Fatima, by Father Robert J Murphy

Our Lady of FatimaPeace on earth! We talk about it. We hope for it. And yet, in that deep core of our hearts where honesty finally confronts wishful thinking, we do not believe in it. We only wonder when, and how, our cold war will turn hot.

Nevertheless, we can have peace, if we are sincere enough to pay the price. A price that is puny compared to the ravages, the suffering, the degradation of war.

Russia can be stopped, without war. Not only stopped, but converted. Its mighty energies can be harnessed for decency and humanity. Again, if we are sincere enough to will to pay the price.

And we can have peace of mind. Peace of mind does not come from reading books about it. It will come as we pay out the price of peace, and of Russia’s conversion.

The things we are running away from are the very things that will tranquillize our lives.


It all began on Mother’s Day, 1917, in Portugal.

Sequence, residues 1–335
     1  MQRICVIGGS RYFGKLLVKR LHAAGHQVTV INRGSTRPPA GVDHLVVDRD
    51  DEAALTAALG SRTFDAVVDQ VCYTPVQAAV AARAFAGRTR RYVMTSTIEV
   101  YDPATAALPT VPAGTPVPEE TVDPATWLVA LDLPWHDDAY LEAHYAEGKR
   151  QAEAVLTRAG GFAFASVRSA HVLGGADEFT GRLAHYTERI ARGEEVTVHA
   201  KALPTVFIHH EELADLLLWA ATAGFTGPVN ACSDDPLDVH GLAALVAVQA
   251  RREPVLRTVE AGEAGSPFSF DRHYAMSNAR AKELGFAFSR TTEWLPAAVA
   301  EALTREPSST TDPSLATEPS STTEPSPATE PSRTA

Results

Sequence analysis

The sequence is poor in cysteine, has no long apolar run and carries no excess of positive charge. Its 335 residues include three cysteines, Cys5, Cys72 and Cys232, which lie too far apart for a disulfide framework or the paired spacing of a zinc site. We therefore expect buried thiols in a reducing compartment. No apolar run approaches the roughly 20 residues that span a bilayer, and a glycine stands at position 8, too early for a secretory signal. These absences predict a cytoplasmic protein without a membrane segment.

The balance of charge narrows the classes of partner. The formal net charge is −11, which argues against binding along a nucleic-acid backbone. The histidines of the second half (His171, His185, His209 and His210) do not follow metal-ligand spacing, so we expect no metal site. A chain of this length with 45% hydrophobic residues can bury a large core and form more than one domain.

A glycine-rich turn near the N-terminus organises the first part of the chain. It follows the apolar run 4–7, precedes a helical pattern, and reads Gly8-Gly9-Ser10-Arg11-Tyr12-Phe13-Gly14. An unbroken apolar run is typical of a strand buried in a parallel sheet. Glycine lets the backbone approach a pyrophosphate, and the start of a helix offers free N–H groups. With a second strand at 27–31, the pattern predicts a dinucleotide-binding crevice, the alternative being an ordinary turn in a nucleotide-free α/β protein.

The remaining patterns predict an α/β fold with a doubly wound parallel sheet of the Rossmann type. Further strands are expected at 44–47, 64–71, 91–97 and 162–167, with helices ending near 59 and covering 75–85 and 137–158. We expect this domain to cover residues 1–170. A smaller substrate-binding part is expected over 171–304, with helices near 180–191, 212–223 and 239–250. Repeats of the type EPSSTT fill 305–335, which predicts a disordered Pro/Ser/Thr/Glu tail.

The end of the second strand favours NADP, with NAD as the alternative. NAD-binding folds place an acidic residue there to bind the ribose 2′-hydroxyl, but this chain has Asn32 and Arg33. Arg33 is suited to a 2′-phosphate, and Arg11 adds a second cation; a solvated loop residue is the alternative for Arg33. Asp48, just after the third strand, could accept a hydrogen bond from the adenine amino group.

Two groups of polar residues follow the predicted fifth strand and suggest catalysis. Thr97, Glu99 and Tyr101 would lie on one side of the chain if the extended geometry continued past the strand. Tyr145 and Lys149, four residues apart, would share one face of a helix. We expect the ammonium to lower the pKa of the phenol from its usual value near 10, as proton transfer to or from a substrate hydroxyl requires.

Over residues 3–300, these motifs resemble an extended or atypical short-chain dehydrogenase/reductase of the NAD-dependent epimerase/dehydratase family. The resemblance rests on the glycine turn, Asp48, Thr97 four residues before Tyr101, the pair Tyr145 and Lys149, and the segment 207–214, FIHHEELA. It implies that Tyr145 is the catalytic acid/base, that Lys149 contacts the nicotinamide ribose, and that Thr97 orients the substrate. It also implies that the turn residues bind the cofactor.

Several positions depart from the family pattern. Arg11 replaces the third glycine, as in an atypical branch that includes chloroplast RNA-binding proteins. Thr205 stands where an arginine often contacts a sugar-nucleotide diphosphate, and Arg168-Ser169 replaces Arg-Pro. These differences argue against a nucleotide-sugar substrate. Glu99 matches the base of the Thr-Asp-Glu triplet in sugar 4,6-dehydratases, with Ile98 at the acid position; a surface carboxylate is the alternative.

Three little children, who had been to early Mass, led their father’s sheep along a dusty, winding road in the hamlet of Aljustrel. The road soon escaped from the stone walls with which the people of Aljustrel had imprisoned it, and widened some as it ran off toward austere mountain meadows. When they had gone about two miles the children prodded the sheep through a few stony fields to a huge depression, somewhat like an amphitheatre or stadium, called the Cova da Iria. On the ample sides of this bowl there was more grass than there was on the level plateau round Adjustrel, and more than there was on the rocky mountainsides to the south and the east. The sheep grazed contentedly in the Cova, never wandering far away. And that was good, for it gave the children a chance to play the games they loved so well, or to sit in the shade of an olive tree and let their eyes dream toward the distant mountain peaks.